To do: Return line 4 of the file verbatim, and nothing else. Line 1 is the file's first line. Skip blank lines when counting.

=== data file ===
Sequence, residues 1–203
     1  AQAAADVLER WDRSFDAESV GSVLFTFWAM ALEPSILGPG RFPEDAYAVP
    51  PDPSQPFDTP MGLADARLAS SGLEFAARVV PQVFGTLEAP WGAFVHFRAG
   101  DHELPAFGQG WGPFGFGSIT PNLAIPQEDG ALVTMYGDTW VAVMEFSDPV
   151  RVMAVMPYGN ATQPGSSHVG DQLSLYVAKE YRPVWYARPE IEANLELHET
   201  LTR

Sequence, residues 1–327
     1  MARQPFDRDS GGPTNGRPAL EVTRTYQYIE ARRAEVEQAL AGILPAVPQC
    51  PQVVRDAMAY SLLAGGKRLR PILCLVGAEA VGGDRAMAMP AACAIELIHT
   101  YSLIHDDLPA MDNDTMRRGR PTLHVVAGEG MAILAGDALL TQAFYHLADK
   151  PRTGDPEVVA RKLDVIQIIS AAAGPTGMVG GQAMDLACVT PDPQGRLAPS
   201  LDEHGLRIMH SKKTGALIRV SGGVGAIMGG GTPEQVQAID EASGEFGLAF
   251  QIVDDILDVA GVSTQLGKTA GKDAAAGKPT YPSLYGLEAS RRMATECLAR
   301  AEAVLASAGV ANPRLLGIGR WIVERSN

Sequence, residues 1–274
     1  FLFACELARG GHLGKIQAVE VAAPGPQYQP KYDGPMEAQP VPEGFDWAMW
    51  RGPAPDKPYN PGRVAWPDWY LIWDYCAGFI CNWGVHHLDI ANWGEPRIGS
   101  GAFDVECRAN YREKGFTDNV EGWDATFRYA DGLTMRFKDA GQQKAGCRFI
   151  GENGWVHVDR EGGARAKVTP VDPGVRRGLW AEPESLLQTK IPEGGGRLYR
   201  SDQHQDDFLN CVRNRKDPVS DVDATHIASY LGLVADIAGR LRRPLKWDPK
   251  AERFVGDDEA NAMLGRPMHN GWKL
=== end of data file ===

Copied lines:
   101  DHELPAFGQG WGPFGFGSIT PNLAIPQEDG ALVTMYGDTW VAVMEFSDPV